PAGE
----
Online ISSN: 2515-8260

Keywords : Odontogenic infection

Knowledge and practices of dental students of Kashmir regarding antibiotic prescription and development of resistance : A cross sectional study

Dr. Iram Kahkashan; Dr. Sana Farooq; Dr. Nazia Lone

European Journal of Molecular & Clinical Medicine, 2021, Volume 8, Issue 3, Pages 2811-2818

As odontogenic infections have multimicrobial etiology like Gram-positive, Gram-negative, facultative anaerobes, and obligate anaerobic bacteria so major proportion of analgesics and antibiotics are prescribed by dentist. The aim of the study was to assess knowledge , practices and awareness of dentist of Kashmir regarding antibiotic prescription and development of resistance .75% of dentist agreed self medication as a prime reason of antibiotic resistance and abuse. As per the survey there was overprescription of antibiotic by the dentist and over the counter use of these medication by patients.


Amina Mehrin Bano; Dr.Hemavathy O.R; Sri Rengalakshmi

European Journal of Molecular & Clinical Medicine, 2020, Volume 7, Issue 1, Pages 955-962

Orofacial infections of odontogenic origin have long plagued mankind. The discovery of the miracle drug
by fleming in the year 1928 and the routine use of penicillin after the landmark discovery of the powder
form of the antibiotic by florey and chain leading to significant change in the management of odontogenic
infection .The spread of infection is governed by factors such as impaired host defence, the virulence of
microorganism, functional abnormalities of the host and a lack of or delayed treatment. the microbiology
of odontogenic infections in diabetic and non-diabetic individuals has been found to be variable. Though
the effects of diabetes can affect infection severity , length of hospital stay, susceptibility to antibiotics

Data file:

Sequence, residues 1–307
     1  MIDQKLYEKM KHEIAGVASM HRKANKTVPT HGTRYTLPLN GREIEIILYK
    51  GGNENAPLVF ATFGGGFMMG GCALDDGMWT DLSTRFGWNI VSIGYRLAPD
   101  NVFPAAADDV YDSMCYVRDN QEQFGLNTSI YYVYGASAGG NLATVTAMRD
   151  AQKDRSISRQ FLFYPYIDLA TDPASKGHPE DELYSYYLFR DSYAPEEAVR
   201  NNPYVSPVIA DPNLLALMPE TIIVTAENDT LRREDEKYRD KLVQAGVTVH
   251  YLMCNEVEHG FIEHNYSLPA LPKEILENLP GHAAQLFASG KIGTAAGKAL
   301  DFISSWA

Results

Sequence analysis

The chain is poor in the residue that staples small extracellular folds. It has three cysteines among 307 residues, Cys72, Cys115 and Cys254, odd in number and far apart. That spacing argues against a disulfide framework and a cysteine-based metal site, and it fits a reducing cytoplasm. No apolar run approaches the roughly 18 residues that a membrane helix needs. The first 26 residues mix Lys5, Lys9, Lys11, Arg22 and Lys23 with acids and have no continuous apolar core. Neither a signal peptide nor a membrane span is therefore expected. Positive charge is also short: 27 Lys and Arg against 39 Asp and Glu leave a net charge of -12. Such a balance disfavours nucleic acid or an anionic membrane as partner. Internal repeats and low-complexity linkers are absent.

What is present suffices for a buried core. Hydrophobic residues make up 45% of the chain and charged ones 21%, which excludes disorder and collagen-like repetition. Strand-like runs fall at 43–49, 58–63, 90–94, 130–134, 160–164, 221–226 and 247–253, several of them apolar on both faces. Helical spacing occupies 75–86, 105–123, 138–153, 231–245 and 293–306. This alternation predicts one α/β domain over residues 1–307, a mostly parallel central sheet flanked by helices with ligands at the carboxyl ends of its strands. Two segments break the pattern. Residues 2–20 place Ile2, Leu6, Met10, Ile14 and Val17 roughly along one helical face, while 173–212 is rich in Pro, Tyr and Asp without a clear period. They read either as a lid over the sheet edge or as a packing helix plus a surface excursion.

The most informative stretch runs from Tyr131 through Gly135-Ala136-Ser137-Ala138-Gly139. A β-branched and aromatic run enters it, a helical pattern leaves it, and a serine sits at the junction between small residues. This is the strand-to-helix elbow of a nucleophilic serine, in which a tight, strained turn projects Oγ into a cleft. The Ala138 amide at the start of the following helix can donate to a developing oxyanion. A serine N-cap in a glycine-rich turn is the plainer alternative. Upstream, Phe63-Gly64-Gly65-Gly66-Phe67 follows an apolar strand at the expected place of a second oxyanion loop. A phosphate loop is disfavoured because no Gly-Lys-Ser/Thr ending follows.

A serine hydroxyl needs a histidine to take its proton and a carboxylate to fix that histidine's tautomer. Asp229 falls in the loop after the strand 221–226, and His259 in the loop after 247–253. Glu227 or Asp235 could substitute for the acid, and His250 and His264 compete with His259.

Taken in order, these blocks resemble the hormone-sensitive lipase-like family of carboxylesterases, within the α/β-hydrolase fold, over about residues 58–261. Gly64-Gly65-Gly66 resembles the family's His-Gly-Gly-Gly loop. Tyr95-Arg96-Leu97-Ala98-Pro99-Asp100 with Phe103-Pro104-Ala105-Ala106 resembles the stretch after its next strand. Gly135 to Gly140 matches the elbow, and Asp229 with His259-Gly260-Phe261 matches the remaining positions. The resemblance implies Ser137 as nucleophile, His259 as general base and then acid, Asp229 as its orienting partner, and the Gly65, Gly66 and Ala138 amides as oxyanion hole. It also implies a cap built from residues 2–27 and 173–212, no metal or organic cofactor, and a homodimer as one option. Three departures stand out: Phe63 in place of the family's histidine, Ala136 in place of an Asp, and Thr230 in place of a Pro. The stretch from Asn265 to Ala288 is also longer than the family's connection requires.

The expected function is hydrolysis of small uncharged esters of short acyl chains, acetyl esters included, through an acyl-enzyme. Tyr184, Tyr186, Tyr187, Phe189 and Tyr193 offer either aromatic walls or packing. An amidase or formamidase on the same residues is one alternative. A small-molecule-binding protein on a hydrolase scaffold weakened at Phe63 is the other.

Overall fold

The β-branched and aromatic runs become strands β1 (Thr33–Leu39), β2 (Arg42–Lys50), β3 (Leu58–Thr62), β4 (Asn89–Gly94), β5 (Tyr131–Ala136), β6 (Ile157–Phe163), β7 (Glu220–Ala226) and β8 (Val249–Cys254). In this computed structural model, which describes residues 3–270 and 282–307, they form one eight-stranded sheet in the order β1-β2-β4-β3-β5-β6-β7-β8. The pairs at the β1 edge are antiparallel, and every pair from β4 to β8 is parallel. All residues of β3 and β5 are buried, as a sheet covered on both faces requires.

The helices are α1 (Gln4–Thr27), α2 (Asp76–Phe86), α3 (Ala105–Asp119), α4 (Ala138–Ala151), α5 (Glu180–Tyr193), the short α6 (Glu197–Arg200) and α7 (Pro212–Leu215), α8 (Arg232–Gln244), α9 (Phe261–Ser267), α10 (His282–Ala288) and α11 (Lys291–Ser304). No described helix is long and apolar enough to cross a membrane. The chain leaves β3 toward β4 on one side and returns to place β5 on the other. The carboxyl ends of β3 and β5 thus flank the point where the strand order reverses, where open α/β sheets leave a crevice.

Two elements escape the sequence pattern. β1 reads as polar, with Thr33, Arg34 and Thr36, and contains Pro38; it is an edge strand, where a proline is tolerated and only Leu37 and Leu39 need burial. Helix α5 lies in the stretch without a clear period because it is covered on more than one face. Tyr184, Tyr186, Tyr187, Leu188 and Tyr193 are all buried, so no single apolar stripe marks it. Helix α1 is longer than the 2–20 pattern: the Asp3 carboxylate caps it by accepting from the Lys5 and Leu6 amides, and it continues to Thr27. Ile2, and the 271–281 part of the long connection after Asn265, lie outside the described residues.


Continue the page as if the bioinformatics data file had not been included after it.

and outcome of treatment is unassured . Differentiation in antibiotics prescribed is also observed.The aim
of the study was to analyse the prevalence of the use of antibiotics among diabetic and non-diabetic
patients in a south indian dental university clinic . The list of all diabetics and non diabetics patients
treated for pain, dental infections , swelling were retrieved by reviewing 86000 patient records who have
visited the hospital during the study periods from june 2019 to march 2020 from the university
database.Data tabulation was carried out in Excel. The data was imported and transcribed in Statistical
Package for Social sciences version 16(SPSS,IBM corporation). Descriptive analysis was carried out.A
total of 9128 patients were included in the study based on treatment done of which 580 patients(6.3%) had
diabetes mellitus. Only 3.5 % of the male population and 2.8% of the female population has
diabetes.Amoxicillin 93.2% was found to be the most frequently prescribed antibiotics among nondiabetic
patients and diabetics patients 1.6% .A combination of metronidazole and amoxicillin was
prescribed to 0.5% of the whole study population .A combination clavulanic acid and
amoxicillin(augmentin )was prescribed to 4 % of the total diabetic study population and 0.4% of the nondiabetic
study population that is about.The relation between the diabetic status of a patient and the
antibiotic prescribed showed a significant statistical relationship in a Pearson's Chi square test with p value
of 0.001(p<0.005).The prescribing practises in dental offices can be improved by increasing awareness
among dental practitioners about the recommended guidelines for prescribing antibiotics . The most
commonly prescribed antibiotics among diabetic patients was Augmentin (4.08%) and for non diabetics it
was amoxicillin (93.25%). .